(3) The microscopical structure and chemical composition of the beds of cannel coal and earthly bitumen, and of the more highly bituminous and carbonaceous shale, show them to have been of the nature of the fine vegetable mud which accumulates in the ponds and shallow lakes of modern swamps. When such fine vegetable sediment is mixed, as is often the case, with clay, it becomes similar to the bituminous limestone and calcareo-bituminous shales of the coal-measures. (4) A few of the underclays, which support beds of coal, are of the nature of the vegetable mud above referred to; but the greater part are argillo-arenaceous in composition, with little vegetable matter, and bleached by the drainage from them of water containing the products of vegetable decay. They are, in short, loamy or clay soils, and must have been sufficiently above water to admit of drainage. The absence of sulphurets, and the occurrence of carbonate of lime in connection with them, prove that, when they existed as soils, rain-water, and not sea-water, percolated them. (5) The coal and the fossil forests present many evidences of subaërial conditions. Most of the erect and prostrate trees had become hollow shells of bark before they were finally embedded, and their wood had broken into cubical pieces of mineral charcoal. Land-snails and galley-worms (Xylobius) crept into them, and they became dens, or traps, for reptiles. Large quantities of mineral charcoal occur on the surface of all the large beds of coal. None of these appearances could have been produced by subaqueous action. (6) Though the roots of  the Sigillaria bear more resemblance to the rhizomes of certain aquatic plants; yet, structurally, they are absolutely identical with the roots of Cycads, which the stems also resemble. Further, the Sigillariæ grew on the same soils which supported Conifers, Cordaites, and Fernsplants which could not have grown in water. Again, with the exception perhaps of some Pinnulariæ and Asterophyllites, there is a remarkable absence from the coal measures of any form of properly aquatic vegetation. (7) The occurrence of marine, or brackish water animals, in the roofs of coal beds, or even in the coal itself, affords no evidence of subaqueous accumulation, since the same thing occurs in the case of modern submarine forests. For these and other reasons, some of which are more fully stated in the papers already referred to, while I admit that the areas of coal accumulation were frequently submerged, I must maintain that the true coal is a subaërial accumulation by vegetable growth on soils, wet and swampy it is true, but not submerged."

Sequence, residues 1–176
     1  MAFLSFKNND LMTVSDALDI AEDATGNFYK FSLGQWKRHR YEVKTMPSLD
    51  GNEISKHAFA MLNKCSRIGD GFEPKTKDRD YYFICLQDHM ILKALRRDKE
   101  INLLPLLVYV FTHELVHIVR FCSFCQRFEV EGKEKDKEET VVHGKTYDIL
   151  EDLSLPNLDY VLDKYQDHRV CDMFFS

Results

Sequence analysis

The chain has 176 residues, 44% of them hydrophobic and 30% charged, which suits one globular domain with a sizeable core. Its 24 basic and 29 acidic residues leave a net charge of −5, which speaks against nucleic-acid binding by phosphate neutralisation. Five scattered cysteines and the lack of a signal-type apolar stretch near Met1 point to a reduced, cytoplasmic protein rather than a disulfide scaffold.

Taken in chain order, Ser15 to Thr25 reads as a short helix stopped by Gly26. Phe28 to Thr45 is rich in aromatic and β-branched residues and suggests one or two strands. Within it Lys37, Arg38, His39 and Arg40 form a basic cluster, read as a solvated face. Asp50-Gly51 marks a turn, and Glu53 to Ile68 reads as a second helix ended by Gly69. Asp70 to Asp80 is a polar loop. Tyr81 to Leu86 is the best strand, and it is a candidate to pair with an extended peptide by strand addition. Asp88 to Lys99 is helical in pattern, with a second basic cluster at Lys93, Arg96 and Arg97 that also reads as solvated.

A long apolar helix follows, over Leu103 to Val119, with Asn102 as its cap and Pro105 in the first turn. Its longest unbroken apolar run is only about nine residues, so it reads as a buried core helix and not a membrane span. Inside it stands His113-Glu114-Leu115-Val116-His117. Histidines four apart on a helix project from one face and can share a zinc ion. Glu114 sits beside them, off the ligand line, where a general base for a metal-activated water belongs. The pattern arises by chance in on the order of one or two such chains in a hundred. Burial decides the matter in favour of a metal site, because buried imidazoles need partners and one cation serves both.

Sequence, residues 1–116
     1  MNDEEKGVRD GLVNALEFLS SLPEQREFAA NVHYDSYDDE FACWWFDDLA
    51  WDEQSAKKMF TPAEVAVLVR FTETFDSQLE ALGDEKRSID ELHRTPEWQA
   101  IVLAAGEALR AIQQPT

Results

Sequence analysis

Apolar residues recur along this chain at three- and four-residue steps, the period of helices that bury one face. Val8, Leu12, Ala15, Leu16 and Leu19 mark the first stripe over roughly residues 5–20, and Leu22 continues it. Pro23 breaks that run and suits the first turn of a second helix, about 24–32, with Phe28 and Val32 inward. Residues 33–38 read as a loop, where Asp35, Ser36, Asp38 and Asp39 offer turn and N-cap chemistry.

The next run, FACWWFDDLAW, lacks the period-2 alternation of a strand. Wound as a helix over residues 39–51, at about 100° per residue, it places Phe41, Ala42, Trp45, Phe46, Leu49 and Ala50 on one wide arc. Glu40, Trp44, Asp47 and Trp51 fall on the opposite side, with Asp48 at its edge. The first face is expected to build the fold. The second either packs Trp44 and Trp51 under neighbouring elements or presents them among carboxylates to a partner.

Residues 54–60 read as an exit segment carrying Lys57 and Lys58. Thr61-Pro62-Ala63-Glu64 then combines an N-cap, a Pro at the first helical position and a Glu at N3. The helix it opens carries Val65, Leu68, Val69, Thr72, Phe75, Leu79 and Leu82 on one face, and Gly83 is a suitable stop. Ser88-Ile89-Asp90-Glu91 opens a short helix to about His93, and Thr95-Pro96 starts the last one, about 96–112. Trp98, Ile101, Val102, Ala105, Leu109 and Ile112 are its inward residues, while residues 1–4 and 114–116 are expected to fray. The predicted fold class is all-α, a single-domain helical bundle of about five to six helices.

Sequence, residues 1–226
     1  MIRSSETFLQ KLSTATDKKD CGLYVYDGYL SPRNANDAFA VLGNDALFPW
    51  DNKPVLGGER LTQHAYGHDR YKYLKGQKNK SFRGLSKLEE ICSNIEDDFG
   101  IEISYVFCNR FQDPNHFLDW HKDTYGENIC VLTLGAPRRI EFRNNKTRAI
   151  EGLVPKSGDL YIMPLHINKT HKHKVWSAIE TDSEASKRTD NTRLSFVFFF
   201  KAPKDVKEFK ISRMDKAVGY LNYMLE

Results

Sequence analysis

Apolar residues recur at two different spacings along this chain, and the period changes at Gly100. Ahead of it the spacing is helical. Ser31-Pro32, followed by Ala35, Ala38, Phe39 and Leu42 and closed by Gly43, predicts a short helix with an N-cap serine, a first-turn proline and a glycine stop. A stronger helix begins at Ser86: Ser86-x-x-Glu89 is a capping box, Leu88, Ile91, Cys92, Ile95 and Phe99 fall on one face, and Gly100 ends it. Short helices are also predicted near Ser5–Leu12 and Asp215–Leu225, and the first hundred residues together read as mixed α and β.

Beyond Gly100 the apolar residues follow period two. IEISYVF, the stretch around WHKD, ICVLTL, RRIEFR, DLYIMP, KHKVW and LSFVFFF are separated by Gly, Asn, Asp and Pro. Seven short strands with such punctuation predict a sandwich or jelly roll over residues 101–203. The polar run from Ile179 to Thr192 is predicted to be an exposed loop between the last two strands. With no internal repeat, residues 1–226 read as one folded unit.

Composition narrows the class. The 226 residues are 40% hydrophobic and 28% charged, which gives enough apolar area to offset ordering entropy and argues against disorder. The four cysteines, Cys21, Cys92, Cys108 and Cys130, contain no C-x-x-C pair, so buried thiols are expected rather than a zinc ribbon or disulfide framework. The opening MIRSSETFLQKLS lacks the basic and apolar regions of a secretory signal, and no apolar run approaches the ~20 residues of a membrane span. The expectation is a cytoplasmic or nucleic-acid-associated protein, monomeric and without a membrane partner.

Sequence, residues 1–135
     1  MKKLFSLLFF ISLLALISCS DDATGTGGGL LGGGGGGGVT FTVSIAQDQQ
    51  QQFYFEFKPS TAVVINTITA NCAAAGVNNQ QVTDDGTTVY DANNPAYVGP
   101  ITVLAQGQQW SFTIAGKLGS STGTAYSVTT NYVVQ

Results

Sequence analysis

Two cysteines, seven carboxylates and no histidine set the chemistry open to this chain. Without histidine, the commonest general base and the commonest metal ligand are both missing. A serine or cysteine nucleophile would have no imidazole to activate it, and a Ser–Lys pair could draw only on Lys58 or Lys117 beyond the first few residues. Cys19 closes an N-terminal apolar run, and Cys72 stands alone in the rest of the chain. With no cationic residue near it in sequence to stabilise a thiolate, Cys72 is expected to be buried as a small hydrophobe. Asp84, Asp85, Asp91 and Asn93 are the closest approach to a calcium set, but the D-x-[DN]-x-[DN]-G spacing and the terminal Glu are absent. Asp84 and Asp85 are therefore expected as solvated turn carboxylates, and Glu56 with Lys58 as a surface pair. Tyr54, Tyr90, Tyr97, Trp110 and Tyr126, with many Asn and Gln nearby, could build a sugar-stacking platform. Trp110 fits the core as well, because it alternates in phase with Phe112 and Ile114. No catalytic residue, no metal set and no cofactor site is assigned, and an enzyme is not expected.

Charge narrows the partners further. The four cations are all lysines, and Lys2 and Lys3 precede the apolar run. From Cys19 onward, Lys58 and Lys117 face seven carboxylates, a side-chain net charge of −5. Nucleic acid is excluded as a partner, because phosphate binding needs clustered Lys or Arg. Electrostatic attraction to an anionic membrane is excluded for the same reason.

I am almost disposed to doubt whether it is necessary to make the concession of "wet and swampy"; otherwise, there is nothing that I know of to be said against this excellent conspectus of the reasons for believing in the subaërial origin of coal.
But the coal accumulated upon the area covered by one of the great forests of the carboniferous epoch would, in course of time, have been wasted away by the small, but constant, wear and tear of rain and streams, had the land which supported it remained at the same level, or been gradually raised to a greater elevation. And, no doubt, as much coal as now exists has been destroyed, after its formation, in this way. What are now known  as coal districts owe their importance to the fact that they were areas of slow depression, during a greater or less portion of the carboniferous epoch; and that, in virtue of this circumstance, Mother Earth was enabled to cover up her vegetable treasures, and preserve them from destruction.
Wherever a coal-field now exists, there must formerly have been free access for a great river, or for a shallow sea, bearing sediment in the shape of sand and mud. When the coal-forest area became slowly depressed, the waters must have spread over it, and have deposited their burden upon the surface of the bed of coal, in the form of layers, which are now converted into shale, or sandstone. Then followed a period of rest, in which the superincumbent shallow waters became completely filled up, and finally replaced, by fine mud, which settled down into a new under-clay, and furnished the soil for a fresh forest growth. This flourished, and heaped up its spores and wood into coal, until the stage of slow depression recommenced. And, in some localities, as I have mentioned, the process was repeated until the first of the alternating beds had sunk to near three miles below its original level at the surface of the earth.